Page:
Use Weight Training to Increase Vertical Jump

Girl is jumping on box
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The ability to jump high is a critical skill not only in basketball and volleyball but also in sports including rugby, Australian football, soccer, and many others. Even diving comes to mind, and then there's leaping up to catch the baseball that's about to go over the fence—and of course track and field events.

What Makes a Good Vertical Jumper?

Research has shown certain key components that help you become better at jumping. To jump well, you need a good "spring," which means powerful muscles with explosive type muscle fibers and the ability to shorten and stretch them dynamically. Upper body strength is also important for creating upward momentum.

Unfortunately, if you don't have the fast-twitch type of muscles (sprinter type muscles), which are mostly genetically endowed, you will not be a champion jumper. But you can still maximize your jump height with training.

To maximize your jump, you need strength and power, and along with strength, you will probably need to optimize the muscle you carry. However, there might be a trade-off in vertical jump performance against mobility, speed, and agility. Large muscles and great strength don't necessarily make a great jumper or a great athlete. And there is no advantage to jumping like Deanna Nolan or LeBron James and having poor court skills.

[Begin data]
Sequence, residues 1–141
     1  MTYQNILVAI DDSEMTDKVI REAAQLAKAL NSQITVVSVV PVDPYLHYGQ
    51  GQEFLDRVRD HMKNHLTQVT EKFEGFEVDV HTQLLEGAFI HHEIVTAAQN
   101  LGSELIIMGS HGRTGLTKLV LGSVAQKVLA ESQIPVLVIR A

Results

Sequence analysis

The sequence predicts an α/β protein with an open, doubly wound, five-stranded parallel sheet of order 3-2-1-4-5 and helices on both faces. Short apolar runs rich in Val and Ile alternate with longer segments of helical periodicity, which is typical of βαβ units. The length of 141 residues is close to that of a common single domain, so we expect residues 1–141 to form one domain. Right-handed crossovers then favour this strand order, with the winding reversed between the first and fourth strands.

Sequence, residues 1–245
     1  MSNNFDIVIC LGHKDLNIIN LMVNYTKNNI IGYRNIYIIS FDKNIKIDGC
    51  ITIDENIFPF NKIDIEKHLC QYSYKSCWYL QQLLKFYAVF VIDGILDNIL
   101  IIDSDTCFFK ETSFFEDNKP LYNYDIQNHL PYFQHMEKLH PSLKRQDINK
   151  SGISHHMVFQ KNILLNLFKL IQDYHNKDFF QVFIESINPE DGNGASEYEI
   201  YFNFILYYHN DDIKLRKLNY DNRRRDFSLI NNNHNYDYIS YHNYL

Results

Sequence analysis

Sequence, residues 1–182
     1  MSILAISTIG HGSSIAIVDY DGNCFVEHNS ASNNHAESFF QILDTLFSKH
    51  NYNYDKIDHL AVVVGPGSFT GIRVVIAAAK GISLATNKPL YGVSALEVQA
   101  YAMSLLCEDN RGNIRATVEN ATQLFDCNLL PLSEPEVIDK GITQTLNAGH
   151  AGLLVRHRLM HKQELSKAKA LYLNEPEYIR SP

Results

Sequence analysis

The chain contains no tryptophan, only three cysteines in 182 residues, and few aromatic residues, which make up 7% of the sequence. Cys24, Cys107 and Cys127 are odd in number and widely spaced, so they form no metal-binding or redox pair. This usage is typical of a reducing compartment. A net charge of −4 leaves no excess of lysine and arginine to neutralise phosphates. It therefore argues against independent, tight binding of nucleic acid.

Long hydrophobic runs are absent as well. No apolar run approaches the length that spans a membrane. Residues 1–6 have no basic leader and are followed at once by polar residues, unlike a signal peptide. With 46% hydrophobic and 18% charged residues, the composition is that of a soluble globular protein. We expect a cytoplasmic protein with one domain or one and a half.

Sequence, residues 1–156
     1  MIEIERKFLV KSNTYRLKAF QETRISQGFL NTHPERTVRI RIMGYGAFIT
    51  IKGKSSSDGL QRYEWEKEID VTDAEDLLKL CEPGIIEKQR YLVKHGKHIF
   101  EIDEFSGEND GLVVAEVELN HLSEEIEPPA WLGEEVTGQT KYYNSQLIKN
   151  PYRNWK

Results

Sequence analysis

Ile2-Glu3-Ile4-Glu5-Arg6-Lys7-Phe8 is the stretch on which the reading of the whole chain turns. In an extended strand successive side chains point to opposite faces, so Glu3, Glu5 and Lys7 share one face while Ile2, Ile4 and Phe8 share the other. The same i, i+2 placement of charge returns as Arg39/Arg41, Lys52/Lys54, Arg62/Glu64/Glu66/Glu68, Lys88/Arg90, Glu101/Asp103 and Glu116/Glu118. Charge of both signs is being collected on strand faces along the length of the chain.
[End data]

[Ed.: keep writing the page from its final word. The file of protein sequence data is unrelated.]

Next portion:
Train to Build Jumping Power

The end-point of training for vertical jump proficiency and most other athletic performance standards is the execution of power. Power is a product of strength and speed of execution.

3-Step Training

Here are the three phases of training leading up to the optimization of power.

In conjunction with the above, a program of plyometric exercises like tuck jumps, bounds, leaps, and box jumps can complement weight training. Some of these you can do in the gym, while others require running at a park, court, or athletic venue.

Best Exercises for Vertical Jumping Ability

On each exercise, it is important to keep the weight light enough to enable explosiveness, but heavy enough to stimulate adaptation. The best exercises to help you jump better are:

Another option is jump squats. These are done like normal squats—of any sort—except that on standing, you push off vertically and jump up about 6 to 8 inches. Don't try to go too high, as the impact and landing could cause injury.

Dumbbells held at the side or barbell at the hang are excellent for this exercise as they provide a good balance. You don't need very heavy weights with jump squats—enough to burden your jumps, but light enough so that you can explode upward.

A Word From Verywell

Of course, you need to practice, practice, practice actual vertical jumps to a hoop, net or whatever your activity requires, and remember that weight training is a facilitating activity for most sports. Don't overdo it.

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